Solar panels don’t put themselves up. Houses don’t retrofit themselves. Farmers markets don’t run themselves. Green projects could give the economy a major boost, Van Jones argues in his new book.
What will happen if USDA inspectors leave big poultry processors to "self-regulate"? The result could be worse than pink slime.
Are some issues too important to poke fun at? Is nothing sacred? Oh, get serious: Laughter saves lives. It certainly won't sink the climate movement.
To add to the growing list of Mitt Romney's flip-flops on energy and climate, in 2003 he called cap-and-trade "an effective approach" to mitigating climate change.
It gets harder each year to distinguish between bizarre true stories that land on April 1 and genuine leg-pulling. Here are our favorite gags from this year — plus a few legit stories. See if you can find the fakers.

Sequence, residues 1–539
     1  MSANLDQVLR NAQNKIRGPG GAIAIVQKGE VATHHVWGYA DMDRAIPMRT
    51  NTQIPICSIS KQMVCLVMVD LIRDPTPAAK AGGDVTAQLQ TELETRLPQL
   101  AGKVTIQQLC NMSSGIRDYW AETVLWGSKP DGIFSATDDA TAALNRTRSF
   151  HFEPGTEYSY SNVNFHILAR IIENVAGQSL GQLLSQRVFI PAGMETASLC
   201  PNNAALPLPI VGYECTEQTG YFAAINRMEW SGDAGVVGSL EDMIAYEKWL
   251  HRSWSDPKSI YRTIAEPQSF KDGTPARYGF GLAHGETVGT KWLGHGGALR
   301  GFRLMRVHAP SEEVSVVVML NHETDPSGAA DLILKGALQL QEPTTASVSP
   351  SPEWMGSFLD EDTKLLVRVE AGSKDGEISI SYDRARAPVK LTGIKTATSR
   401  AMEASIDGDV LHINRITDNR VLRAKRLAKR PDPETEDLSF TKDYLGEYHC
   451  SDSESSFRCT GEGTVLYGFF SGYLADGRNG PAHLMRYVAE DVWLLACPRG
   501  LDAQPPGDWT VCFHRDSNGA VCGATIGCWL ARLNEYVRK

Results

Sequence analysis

With its latest energy action plan basically a how-to for warming the planet, the House Energy Action Team (HEAT) lives up to its name. We wish it were still April 1.
Many, if not most, trees planted in cities are dead within five years. A new generation of urban tree stewards is helping to keep them alive long after the planting has past.
The author of the refreshingly pragmatic "Before the Lights Go Out" talks about finding common ground with climate deniers, the value of individual action in fixing a broken energy system, and the price of gas.
"You could beat your own lifestyle into submission with a 10-foot club -- you could do more to save the planet than almost anyone is willing to voluntarily do -- and it still wouldn’t be enough. This isn’t about you, and it isn’t about me. It's about the systems that we share." Read an excerpt from Maggie Koerth-Baker's new book, "Before the Lights Go Out."
We've devised the world's shortest survey to find out what kind of actions our readers are taking. You know you want to.